"In that moment of intense consciousness a cry breaks the stillness, and searching among the marbles he finds a dying woman. Gathering some fruit, he gives her to eat, and they walk together, she considering him as saviour and lord, he wrapped in the contemplation of the end. They are the end, and all paling fascination, which is the world, is passing from them, and they are passing from it. And the splendour of gold and red ascends and spreads—crown and raiment of a world that has regained its primal beauty.

"'We are alone,' the woman says. 'The world is ours; we are as king and queen, and greater than any king or queen.'

"Her dark olive skin changes about the neck like a fruit near to ripen, and the large arms, curving deeply, fall from the shoulder in superb indolences of movement, and the hair, varying from burnt-up black to blue, curls like a fleece adown the shoulders. She is large and strong, a fitting mother of man, supple in the joints as the young panther that has just bounded into the thickets; and her rich almond eyes, dark, and moon-like in their depth of mystery, are fixed on him. Then he awakes to the danger of the enchantment; but she pleads that they, the last of mankind, may remain watching over each other till the end; and seeing his eyes flash, her heart rejoices. And out of the glare of the moon they passed beneath the sycamores. And listening to the fierce tune of the nightingales in the dusky daylight there, temptation hisses like a serpent; and the woman listens, and drawing herself about the man, she says—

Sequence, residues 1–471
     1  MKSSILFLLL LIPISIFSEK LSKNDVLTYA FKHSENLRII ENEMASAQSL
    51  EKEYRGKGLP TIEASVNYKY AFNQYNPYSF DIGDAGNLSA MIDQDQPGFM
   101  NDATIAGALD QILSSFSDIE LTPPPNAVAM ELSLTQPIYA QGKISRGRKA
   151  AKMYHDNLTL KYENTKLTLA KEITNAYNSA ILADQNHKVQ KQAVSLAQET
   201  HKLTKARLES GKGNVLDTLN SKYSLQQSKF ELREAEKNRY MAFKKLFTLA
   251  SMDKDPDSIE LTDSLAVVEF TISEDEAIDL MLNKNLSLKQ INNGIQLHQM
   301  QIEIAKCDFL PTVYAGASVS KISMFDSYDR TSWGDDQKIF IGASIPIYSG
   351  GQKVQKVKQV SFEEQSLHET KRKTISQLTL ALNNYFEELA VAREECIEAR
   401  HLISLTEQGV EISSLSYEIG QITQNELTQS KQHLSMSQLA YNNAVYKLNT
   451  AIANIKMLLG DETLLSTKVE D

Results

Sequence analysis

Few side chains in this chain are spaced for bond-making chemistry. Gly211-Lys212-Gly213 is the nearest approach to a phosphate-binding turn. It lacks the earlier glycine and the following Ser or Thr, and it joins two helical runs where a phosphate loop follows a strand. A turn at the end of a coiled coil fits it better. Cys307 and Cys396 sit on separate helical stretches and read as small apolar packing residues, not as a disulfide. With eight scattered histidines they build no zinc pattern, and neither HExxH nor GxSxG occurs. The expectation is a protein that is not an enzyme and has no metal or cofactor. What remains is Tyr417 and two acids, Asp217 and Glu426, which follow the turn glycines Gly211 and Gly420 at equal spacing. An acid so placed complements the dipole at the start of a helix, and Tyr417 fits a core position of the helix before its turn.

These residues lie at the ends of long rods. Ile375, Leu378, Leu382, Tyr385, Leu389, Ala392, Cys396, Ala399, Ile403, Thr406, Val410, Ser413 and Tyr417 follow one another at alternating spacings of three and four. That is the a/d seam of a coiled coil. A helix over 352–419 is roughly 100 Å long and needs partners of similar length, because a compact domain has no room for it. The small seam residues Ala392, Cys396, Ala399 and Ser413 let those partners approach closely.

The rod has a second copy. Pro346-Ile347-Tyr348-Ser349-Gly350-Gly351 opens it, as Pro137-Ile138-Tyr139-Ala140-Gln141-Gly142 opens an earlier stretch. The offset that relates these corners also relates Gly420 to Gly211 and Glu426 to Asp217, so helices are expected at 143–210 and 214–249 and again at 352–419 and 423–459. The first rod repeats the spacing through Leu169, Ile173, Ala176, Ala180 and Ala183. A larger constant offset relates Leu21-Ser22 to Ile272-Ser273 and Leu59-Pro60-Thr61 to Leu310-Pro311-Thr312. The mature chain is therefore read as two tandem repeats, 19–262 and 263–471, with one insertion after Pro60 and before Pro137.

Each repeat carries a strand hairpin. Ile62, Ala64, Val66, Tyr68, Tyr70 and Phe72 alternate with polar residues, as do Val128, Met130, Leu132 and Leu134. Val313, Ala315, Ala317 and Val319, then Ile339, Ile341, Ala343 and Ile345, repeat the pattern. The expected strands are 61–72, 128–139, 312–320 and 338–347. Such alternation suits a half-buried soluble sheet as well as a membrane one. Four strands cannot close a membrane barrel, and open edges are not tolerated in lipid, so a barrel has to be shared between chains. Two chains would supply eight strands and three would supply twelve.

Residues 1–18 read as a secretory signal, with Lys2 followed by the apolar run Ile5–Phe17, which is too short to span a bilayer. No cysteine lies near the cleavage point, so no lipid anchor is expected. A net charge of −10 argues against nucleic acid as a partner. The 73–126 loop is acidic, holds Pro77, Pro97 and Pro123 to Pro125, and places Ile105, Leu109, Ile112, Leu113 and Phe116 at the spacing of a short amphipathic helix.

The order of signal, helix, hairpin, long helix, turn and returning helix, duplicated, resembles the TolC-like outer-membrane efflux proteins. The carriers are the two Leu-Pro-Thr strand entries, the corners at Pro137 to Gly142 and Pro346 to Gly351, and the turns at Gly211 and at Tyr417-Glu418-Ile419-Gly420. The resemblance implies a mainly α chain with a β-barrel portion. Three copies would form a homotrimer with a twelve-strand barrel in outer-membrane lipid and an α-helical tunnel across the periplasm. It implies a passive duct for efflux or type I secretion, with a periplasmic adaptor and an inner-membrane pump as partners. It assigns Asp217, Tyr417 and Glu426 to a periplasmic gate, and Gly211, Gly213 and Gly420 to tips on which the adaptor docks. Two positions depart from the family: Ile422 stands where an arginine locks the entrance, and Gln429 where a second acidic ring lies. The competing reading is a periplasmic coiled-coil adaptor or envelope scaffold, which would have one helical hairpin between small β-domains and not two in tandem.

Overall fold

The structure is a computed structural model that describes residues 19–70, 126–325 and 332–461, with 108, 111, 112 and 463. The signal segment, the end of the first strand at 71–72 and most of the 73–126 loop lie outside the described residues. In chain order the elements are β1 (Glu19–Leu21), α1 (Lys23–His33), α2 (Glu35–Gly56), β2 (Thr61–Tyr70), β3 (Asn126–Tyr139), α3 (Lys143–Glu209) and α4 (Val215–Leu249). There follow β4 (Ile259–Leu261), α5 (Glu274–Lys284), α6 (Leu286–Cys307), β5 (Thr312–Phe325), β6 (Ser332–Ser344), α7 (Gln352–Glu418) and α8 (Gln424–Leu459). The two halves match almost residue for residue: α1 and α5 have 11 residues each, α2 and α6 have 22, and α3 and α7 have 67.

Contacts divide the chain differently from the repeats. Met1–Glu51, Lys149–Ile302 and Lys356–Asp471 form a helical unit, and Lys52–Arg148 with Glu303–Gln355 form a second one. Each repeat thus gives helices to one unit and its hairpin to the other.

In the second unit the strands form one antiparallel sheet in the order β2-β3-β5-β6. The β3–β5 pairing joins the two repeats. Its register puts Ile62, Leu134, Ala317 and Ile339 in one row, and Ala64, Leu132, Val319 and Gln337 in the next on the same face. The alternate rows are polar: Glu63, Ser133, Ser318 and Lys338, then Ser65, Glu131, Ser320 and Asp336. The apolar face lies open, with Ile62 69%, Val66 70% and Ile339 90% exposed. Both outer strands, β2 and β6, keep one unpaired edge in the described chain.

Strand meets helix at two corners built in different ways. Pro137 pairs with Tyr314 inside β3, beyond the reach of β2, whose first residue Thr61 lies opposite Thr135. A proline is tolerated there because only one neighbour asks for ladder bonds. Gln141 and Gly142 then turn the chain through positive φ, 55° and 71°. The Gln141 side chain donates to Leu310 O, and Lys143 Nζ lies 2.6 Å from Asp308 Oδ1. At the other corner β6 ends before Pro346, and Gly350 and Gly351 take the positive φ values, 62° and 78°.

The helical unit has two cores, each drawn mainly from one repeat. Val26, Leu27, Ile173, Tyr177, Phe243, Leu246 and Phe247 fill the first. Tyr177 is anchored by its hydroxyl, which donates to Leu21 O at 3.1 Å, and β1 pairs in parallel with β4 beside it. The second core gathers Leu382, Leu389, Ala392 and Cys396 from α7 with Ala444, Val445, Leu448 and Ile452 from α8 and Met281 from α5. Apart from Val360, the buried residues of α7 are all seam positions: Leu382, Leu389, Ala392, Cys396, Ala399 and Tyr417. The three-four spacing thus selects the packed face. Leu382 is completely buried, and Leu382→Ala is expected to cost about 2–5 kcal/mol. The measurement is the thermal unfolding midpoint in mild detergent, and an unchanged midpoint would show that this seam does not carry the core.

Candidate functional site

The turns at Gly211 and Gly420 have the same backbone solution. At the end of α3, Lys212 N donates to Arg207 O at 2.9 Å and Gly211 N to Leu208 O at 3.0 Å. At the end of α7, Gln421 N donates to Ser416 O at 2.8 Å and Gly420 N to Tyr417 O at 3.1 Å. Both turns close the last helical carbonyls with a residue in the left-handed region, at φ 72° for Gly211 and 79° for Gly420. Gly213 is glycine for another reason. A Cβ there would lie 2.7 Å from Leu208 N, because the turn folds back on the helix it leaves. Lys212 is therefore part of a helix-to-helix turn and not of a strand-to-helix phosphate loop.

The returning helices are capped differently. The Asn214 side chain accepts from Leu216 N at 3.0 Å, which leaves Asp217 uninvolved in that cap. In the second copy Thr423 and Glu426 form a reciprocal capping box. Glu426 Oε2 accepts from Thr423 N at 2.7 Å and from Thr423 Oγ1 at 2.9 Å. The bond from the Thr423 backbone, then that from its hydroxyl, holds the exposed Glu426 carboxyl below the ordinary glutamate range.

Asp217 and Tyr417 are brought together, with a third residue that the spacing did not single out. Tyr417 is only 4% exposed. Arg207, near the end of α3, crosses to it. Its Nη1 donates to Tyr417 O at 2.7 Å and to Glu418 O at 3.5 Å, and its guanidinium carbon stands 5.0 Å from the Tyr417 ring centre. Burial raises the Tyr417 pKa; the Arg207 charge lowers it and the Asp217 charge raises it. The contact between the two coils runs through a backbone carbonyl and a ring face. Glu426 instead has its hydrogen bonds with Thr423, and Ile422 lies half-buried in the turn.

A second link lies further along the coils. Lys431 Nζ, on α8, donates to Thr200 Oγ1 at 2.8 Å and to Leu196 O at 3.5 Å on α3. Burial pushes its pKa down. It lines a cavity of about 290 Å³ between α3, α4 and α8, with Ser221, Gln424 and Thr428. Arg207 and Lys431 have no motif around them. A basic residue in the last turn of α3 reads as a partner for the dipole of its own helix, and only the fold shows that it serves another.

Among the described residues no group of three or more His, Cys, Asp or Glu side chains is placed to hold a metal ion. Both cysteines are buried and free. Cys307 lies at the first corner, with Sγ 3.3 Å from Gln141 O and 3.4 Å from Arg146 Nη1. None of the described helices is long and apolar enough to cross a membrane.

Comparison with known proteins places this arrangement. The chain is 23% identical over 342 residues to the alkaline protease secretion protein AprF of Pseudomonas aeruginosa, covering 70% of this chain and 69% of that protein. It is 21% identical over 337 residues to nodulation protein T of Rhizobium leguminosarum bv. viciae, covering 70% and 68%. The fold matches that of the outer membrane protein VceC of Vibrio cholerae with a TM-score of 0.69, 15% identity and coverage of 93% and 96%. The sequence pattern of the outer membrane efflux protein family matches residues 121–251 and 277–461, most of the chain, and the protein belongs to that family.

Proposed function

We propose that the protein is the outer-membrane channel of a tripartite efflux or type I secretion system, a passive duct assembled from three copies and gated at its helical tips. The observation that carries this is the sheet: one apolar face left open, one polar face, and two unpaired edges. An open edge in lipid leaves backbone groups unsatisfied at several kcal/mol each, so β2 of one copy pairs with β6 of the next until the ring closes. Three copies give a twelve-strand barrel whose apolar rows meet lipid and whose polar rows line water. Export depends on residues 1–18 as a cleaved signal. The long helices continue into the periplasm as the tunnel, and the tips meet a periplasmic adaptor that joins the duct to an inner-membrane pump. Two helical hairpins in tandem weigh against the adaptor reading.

"'The world is ours; let us make it ours for ever; let us give birth to a new race more great and beautiful than that which is dead. Love me, for I am love; all the dead beauties of the race are incarnate in me. I am the type and epitome of all. Was the Venus we saw yesterday among the myrtles more lovely than I?'

"But he casts her from him, asking in despair (for he loves her) if they are to renew the misery and abomination which it required all the courage and all the wisdom of all the ages to subdue? He calls names from love's most fearful chronicle—Cleopatra, Faustina, Borgia. A little while and man's shameful life will no longer disturb the silence of the heavens. But no perception of life's shame touches the heart of the woman. 'I am love,' she cries again. 'Take me, and make me the mother of men. In me are incarnate all the love songs of the world. I am Beatrice; I am Juliet. I shall be all love to you—Fair Rosamond and Queen Eleanor. I am the rose! I am the nightingale!'

"She follows him in all depths of the forests wherever he may go. In the white morning he finds her kneeling by him, and in blue and rose evening he sees her whiteness crouching in the brake. He has fled to a last retreat in the hills where he thought she could not follow, and after a long day of travel lies down. But she comes upon him in his first sleep, and with amorous arms uplifted, and hair shed to the knee, throws herself upon him. It is in the soft and sensual scent of the honeysuckle. The bright lips strive, and for an instant his soul turns sick with famine for the face; but only for an instant, and in a supreme revulsion of feeling he beseeches her, crying that the world may not end as it began, in blood. But she heeds him not, and to save the generations he dashes her on the rocks.

"Man began in bloodshed, in bloodshed he has ended.

"Standing against the last tinge of purple, he gazes for a last time upon the magnificence of a virgin world, seeing the tawny forms of lions in the shadows, watching them drinking at the stream."